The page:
Though the BDP's success should not be underestimated, it should also not be overplayed. As Candar explains, though the BDP has gotten better at electoral engineering, political support for the party has not necessarily increased. Further, it should not be forgotten that a significant number of Kurds voted for the AKP despite its heavy nationalist rhetoric (Candar estimates 42%). Had the AKP not run a nationalist campaign in an effort to run the MHP into the ground, the result might have been different. Candar also points attention to the factions the BDP has managed to bring together (for example, bringing leftists together with staunch Kurdish nationalists and pro-Kurdish conservatives like Altan Tan and Sereafettin Elci). According to Candar, though this coalition-building is taking place at the elite level, the BDP has not succeeded in doing so among voters.
In the days after the election, the BDP used this mammoth victory to call for the release of PKK terrorist leader Abdullah Ocalan and direct negotiations with the PKK, actions sure to infuriate the vast majority of Turkish votes. In doing, the BDP is alienating itself from the larger electorate and adopting a divisive politics sure to further fuel the conflict.
At the same time, the AKP has paid little attention to the Kurdish problem, the existence of which the party denied during the campaign, and is instead focusing on moving onward with business as usual. The two positions combined create the conditions for a political crisis, which could come soon given that six of BDP's deputies are currently in jail and their eligibility to hold seats in parliament still up in the air.
Chief among these is Hatip Dicle, who was convicted in 2009 for disseminating PKK propaganda and whose candidacy was at the heart of the riots that enfolded at the end of April when the High Election Board (YSK) invalidated the candidacies of 11 BDP candidates (see April 21 post). On June 9, just three days before the elections, the Supreme Court of Appeals upheld Dicle's conviction. Though it was too late to remove his name from the ballot, the High Elections Board will decide whether he is able to serve in parliament.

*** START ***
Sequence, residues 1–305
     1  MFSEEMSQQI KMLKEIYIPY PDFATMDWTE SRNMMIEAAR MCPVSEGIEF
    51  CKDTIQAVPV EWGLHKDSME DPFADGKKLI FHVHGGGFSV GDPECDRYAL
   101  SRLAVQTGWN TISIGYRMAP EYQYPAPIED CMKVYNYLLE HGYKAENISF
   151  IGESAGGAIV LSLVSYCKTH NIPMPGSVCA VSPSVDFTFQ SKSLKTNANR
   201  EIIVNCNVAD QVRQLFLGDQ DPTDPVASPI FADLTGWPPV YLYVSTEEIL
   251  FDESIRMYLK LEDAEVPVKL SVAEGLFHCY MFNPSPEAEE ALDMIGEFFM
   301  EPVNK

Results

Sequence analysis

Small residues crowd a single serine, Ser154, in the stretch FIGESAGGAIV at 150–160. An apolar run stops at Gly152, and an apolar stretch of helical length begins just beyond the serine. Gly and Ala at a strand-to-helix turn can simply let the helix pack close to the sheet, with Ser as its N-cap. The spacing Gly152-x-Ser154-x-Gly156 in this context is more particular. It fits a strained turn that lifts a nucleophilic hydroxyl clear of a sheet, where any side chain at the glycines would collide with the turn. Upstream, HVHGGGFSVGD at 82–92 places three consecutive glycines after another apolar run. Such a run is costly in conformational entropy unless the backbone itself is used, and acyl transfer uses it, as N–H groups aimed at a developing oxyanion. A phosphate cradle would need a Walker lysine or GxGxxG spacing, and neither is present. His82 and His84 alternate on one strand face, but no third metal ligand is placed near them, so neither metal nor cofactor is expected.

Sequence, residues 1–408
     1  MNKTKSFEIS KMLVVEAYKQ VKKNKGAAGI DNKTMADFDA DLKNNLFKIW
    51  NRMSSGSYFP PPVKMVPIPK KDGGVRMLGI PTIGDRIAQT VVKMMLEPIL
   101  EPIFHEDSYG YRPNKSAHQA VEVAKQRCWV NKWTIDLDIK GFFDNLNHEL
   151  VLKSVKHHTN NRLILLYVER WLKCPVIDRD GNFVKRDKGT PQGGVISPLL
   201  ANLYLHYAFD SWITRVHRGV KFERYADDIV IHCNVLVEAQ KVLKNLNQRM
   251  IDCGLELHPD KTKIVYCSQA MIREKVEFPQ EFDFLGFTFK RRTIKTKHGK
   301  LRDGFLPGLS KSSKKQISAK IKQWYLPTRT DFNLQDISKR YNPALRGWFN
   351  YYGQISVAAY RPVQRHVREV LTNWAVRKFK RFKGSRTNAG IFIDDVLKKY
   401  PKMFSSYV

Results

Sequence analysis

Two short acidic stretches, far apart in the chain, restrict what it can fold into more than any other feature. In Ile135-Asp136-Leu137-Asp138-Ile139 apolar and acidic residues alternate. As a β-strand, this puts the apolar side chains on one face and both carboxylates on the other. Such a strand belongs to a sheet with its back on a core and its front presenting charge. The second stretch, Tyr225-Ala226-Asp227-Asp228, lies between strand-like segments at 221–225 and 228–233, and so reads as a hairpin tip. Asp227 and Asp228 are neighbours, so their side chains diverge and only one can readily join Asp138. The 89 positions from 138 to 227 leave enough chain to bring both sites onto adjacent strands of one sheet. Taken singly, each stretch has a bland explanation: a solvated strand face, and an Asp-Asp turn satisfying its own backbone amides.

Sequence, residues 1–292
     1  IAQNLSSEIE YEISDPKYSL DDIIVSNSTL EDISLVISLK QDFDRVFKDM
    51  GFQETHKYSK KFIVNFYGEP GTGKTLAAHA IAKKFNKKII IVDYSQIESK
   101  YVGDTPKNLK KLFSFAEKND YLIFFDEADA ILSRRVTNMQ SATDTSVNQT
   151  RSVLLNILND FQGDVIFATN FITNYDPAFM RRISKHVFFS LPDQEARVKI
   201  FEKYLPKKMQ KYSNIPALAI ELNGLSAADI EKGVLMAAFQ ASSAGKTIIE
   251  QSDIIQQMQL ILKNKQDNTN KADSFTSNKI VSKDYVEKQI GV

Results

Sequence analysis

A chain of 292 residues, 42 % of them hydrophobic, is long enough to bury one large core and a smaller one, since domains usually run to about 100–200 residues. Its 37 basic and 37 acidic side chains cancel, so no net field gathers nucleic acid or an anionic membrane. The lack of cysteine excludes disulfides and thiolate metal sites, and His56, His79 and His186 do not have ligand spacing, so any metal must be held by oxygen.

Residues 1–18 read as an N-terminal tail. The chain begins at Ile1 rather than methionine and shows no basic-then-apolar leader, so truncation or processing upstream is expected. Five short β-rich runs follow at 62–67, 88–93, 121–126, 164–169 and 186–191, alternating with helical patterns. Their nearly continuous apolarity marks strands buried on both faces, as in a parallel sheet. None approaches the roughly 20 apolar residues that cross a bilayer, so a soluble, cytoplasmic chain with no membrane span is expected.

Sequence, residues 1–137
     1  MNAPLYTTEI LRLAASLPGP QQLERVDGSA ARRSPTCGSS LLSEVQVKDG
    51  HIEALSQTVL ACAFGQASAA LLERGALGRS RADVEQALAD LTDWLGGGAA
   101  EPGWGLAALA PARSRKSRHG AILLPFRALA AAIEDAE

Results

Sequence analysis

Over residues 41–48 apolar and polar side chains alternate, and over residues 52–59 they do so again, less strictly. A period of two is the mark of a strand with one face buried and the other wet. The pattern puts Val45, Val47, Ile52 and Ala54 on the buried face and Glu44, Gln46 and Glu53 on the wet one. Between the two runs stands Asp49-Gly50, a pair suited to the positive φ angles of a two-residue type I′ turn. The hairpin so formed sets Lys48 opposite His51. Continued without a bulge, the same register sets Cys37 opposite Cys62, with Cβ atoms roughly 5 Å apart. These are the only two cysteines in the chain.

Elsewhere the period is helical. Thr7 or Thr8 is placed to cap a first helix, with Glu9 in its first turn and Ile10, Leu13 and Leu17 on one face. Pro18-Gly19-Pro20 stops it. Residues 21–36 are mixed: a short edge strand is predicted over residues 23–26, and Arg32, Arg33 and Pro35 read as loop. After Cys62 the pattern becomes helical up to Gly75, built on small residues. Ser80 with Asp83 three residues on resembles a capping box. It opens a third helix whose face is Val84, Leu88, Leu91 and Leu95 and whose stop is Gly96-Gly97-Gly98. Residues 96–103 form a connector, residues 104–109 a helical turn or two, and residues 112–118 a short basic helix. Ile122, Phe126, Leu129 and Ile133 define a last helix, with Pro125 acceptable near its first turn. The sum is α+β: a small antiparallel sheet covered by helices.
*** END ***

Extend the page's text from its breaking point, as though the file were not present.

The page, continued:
The six BDP candidates currently jailed as part of the KCK operations (and who are awaiting trial) include Gulseren Yildirm, Ibrahim Ayhan, Selma Irmak, Faysal Sarayildiz, Kemal Aktas, and Dicle. Dicle's case is special since he is not only jailed and awaiting trial for alleged membership in the PKK (KCK), but has been convicted previously and been unable to attain the necessary paperwork required to allow him to enter parliament. The Constitution bars convicted persons from holding parliamentary office. (In addition to the six jailed BDP candidates, two CHP candidates and one MHP candidate, both recently elected, are also currently detained (for their role in Ergenekon).)